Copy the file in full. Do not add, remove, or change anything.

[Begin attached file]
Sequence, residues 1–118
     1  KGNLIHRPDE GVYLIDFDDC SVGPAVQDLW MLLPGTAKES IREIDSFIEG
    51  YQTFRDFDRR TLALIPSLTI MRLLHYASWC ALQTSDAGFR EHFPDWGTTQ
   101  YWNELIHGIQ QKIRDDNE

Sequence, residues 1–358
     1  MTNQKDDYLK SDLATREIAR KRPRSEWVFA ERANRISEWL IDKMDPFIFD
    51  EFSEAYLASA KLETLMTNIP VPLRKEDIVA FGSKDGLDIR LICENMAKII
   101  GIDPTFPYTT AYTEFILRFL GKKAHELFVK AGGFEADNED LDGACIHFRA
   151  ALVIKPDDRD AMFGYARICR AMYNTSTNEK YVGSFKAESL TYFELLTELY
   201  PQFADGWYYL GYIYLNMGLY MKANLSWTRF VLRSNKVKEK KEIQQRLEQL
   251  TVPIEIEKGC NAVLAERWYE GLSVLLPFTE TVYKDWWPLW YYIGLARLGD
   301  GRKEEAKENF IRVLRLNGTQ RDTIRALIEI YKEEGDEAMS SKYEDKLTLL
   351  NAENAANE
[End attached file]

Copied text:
Sequence, residues 1–118
     1  KGNLIHRPDE GVYLIDFDDC SVGPAVQDLW MLLPGTAKES IREIDSFIEG
    51  YQTFRDFDRR TLALIPSLTI MRLLHYASWC ALQTSDAGFR EHFPDWGTTQ
   101  YWNELIHGIQ QKIRDDNE

Sequence, residues 1–358
     1  MTNQKDDYLK SDLATREIAR KRPRSEWVFA ERANRISEWL IDKMDPFIFD
    51  EFSEAYLASA KLETLMTNIP VPLRKEDIVA FGSKDGLDIR LICENMAKII
   101  GIDPTFPYTT AYTEFILRFL GKKAHELFVK AGGFEADNED LDGACIHFRA
   151  ALVIKPDDRD AMFGYARICR AMYNTSTNEK YVGSFKAESL TYFELLTELY
   201  PQFADGWYYL GYIYLNMGLY MKANLSWTRF VLRSNKVKEK KEIQQRLEQL
   251  TVPIEIEKGC NAVLAERWYE GLSVLLPFTE TVYKDWWPLW YYIGLARLGD
   301  GRKEEAKENF IRVLRLNGTQ RDTIRALIEI YKEEGDEAMS SKYEDKLTLL
   351  NAENAANE